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Where do we go now?

Where do we go now?
RACHEL MILLS: My view is it will be collectively agreeing that we’re going to keep the temperature change on this planet to less than two degrees centigrade. And to do that, there’s a whole variety of things we’re going to have to try, but if we can collectively do this, then the future will be bright.
DAVID BILLETT: The development of deep sea mining, I think, is inevitable. At some stage, we will need the resources that lie in the deep sea, and they are very extensive. The important part, really, is to make sure that those resources are developed in an environmentally benign way. That we plan properly. That we know what we’re doing. That we have enough knowledge to make sure that the environment isn’t impacted. And it’s not a matter just of preserving the special chemistries that might occur in deep sea organisms for the future, for medicines, or biotechnologies, but the oceans and the ocean floor is very important for many of the processes that really ultimately give us life on this planet.
So without the oceans re-mineralising many of the elements that are made in the sea surface and fall to the sea floor, then there wouldn’t be the nutrients that plants at the ocean surface would utilise to grow and to produce oxygen. So it’s these ecosystem services, these natural capability or capital that occurs in our oceans that we have to preserve in order that basically, we can live.
TAMMY HORTON: I think we need to work better towards nations working together to manage our oceans, and to better understand our impacts on them.
STEPHANIE PLON: I think that we will really have to stick together as a species and find new solutions to all the problems we’re currently facing. But I don’t think that’s the end of the road. I think it’s a challenge, but I believe we can solve that challenge.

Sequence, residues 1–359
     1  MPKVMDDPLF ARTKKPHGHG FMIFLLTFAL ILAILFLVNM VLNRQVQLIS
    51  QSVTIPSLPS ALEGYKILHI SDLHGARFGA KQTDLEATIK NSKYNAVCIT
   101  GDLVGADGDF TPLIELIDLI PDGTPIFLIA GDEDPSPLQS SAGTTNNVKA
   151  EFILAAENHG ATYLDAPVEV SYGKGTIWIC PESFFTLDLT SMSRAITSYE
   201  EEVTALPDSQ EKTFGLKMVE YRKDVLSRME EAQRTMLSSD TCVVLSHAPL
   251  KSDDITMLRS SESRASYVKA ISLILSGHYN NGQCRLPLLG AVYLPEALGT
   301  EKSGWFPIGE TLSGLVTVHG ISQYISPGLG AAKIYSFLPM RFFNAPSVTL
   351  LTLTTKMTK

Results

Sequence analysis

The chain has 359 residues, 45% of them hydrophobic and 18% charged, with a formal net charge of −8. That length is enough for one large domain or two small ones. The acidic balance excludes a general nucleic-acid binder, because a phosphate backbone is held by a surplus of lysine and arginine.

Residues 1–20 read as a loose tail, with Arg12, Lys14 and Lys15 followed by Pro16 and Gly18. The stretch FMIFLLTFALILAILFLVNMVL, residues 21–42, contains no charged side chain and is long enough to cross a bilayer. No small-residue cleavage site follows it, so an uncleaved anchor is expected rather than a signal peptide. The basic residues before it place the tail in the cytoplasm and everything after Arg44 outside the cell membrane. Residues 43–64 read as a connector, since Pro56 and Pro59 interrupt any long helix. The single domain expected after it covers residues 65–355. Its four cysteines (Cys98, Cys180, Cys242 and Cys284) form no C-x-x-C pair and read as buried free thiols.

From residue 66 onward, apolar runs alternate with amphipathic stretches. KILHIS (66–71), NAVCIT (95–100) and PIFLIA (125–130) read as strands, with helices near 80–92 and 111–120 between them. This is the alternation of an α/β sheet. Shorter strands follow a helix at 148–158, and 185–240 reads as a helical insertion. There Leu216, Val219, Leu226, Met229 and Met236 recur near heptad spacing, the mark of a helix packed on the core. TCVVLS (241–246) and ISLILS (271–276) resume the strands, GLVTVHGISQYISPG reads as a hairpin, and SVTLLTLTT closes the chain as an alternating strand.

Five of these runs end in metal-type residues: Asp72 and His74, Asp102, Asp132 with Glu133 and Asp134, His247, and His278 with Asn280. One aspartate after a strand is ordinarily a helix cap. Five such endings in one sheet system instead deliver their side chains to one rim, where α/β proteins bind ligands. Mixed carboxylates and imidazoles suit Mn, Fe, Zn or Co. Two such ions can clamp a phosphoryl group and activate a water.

MARIA BAKER: I think we should be concerned about the future of our ocean and our deep ocean included in that. I guess, my hopes are that we really pull together and have proactive engagement of all stakeholders, really pulling our resources to help manage this fantastic part of our planet for future generations.
WILL HOMOKY: An exciting aspect to being a scientist in the present day is because humans are putting such high pressures on resources on our planet, there’s never been a greater need for us to make wise decisions about how to use them. As scientists, we can inform this debate by understanding how the planet functions and therefore, how it might respond to future changes.
RACHEL MILLS: The future of the seas is in our hands, whether it’s small actions like buying fewer plastic bags or collective actions that make a difference to the quality of water in our seas. It all makes a difference.

Thank you for sharing your ideas and learning with us for the last four weeks. Your contributions in the on-line discussions have been a key part of the learning journey as we Explore our Ocean.

In this final Step, some of the course contributors discuss the issues that have been raised in this course and convey their hopes for how these challenges might be tackled in the future as we start the United Nations Decade of Ocean Science and Sustainable Development.

The United Nations General Assembly has endorsed seven outcomes for this crucial decade: